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Old 01-25-2012, 05:35 AM   #1
Fraught
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Adding Sound and Music to your production

So what do you use to add music, dialogue, sound effects, foley, etc to your film?

Do you use the built in audio tracks from within your editing package, or do you use an alternative piece of software like Adobe Audition for example?

The reason i ask is that my current editing package doesn't have enough tracks for laying down sound, so i'm on the look for an alternative package that allows me to create my sound experience, whilst allowing me to view/sync it with the film.

Any thoughts?
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Old 01-25-2012, 10:00 AM   #2
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Lots of options, the two I have experience with are Sonar on the PC side and Pro Tools on the Mac side. You export the project out from the NLE as an OMF file, bring it in to Sonar or Pro Tools, do all your audio editing there, then bounce that down to one track, export it out as an uncompressed audio file that you then drop back in the time line for the final render. If my not mistaken, if nothing had been bounced during the whole process (which things of course were from time to time), my last movie would have had in the neighborhood of 50 to 60 audio tracks.
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Old 01-25-2012, 10:53 AM   #3
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Thanks for that. I've seen that Sonar Essentials costs about $90 (70), which is pretty good for this sort of thing.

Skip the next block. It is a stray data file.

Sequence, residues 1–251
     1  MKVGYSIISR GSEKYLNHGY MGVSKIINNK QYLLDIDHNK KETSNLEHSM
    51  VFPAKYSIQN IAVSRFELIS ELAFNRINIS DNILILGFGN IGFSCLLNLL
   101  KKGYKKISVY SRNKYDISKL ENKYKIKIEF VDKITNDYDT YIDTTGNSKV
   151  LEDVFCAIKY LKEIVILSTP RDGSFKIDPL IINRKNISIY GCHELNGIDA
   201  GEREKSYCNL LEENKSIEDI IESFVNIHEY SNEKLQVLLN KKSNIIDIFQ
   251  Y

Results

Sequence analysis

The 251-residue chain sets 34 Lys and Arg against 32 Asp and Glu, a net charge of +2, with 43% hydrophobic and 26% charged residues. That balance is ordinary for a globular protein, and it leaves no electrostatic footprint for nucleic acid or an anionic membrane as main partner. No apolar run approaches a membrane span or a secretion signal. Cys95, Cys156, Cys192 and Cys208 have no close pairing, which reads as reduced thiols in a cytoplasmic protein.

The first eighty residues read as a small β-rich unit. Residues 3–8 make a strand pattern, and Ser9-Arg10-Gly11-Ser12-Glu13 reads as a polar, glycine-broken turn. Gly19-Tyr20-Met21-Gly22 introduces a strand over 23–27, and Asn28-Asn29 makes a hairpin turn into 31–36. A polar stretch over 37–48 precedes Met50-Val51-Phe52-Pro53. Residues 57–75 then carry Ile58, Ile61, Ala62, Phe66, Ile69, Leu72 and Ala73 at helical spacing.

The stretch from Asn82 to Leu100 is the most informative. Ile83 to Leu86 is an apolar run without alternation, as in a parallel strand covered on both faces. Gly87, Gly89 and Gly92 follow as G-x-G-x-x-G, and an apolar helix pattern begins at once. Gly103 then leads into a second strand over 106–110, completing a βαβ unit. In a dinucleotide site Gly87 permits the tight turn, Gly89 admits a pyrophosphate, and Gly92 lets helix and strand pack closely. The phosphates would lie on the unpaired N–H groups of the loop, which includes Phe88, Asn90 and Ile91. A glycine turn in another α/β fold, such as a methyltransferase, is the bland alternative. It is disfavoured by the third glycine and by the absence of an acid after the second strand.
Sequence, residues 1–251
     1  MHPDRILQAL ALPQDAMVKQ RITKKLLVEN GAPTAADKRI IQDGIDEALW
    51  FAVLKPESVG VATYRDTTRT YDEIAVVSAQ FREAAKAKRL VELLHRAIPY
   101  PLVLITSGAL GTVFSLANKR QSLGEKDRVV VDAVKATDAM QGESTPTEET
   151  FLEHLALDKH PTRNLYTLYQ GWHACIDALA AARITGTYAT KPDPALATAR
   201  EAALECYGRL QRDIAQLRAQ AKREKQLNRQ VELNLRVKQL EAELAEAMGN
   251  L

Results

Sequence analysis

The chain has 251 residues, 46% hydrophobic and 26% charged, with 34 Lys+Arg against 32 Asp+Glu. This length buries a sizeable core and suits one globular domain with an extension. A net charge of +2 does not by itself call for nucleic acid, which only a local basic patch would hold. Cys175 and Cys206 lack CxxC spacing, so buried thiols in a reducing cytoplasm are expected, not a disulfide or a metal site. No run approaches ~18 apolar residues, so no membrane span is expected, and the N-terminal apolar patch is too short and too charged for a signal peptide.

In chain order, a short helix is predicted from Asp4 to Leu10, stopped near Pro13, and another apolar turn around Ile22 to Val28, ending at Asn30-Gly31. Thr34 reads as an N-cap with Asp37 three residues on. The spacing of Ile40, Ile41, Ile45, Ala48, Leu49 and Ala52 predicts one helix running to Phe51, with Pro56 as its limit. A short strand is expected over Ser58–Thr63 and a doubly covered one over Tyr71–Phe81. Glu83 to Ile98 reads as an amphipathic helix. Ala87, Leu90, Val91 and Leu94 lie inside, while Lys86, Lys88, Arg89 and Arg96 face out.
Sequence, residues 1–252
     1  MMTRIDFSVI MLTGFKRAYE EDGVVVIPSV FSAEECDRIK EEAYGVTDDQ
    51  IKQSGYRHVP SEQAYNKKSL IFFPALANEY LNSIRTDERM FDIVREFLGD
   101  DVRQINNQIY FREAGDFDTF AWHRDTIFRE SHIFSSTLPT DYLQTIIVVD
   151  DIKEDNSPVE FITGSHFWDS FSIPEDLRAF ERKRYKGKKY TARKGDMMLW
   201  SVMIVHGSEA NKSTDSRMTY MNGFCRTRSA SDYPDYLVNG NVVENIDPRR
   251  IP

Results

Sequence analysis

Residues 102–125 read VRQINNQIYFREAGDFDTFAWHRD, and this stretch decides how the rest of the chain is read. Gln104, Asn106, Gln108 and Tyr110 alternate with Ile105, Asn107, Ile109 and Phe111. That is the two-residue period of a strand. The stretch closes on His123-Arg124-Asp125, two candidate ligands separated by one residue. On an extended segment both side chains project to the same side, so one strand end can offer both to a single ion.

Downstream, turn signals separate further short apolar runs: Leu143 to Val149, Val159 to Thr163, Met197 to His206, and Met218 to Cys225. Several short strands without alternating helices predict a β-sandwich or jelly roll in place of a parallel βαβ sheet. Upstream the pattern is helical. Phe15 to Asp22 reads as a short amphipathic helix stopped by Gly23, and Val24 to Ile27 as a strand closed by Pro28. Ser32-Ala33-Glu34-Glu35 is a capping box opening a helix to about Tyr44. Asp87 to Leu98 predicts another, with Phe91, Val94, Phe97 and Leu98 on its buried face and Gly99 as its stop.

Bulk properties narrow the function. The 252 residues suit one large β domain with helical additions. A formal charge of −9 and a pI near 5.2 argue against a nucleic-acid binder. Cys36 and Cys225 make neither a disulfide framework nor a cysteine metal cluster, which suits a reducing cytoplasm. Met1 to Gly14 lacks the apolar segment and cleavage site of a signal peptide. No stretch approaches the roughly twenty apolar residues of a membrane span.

I've just checked out Reaper online. It only costs $60 (about 45) which is great on the cost front. Anyone had any experience with this package?
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Old 01-25-2012, 11:19 AM   #4
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I've been a long-time Sonar user, but have been debating a switch (mostly due to insane changes in the MIDI editing UI, so probably not anything you'd have to worry about, and the patches have been slowly correcting the problems, so I might just have to tough it out), so I've played with Reaper a bit. I have some friends that swear by it. It didn't work for my very specific purposes (wouldn't play nice with a couple plugins that I need and again, MIDI editing not good for my particular workflow), but using it as a basic multi-track audio editor, it should do the job for you.

Actually, better than Sonar essentials, which is 32-bit. Reaper is 64. There's a lot to be said for the full version of Sonar, but it's really geared towards music creation. If you're looking for a workflow similar to Gonzo's, Reaper will probably work pretty well for you. There is a free trial so you can test it out yourself, and see if it works for you specifically!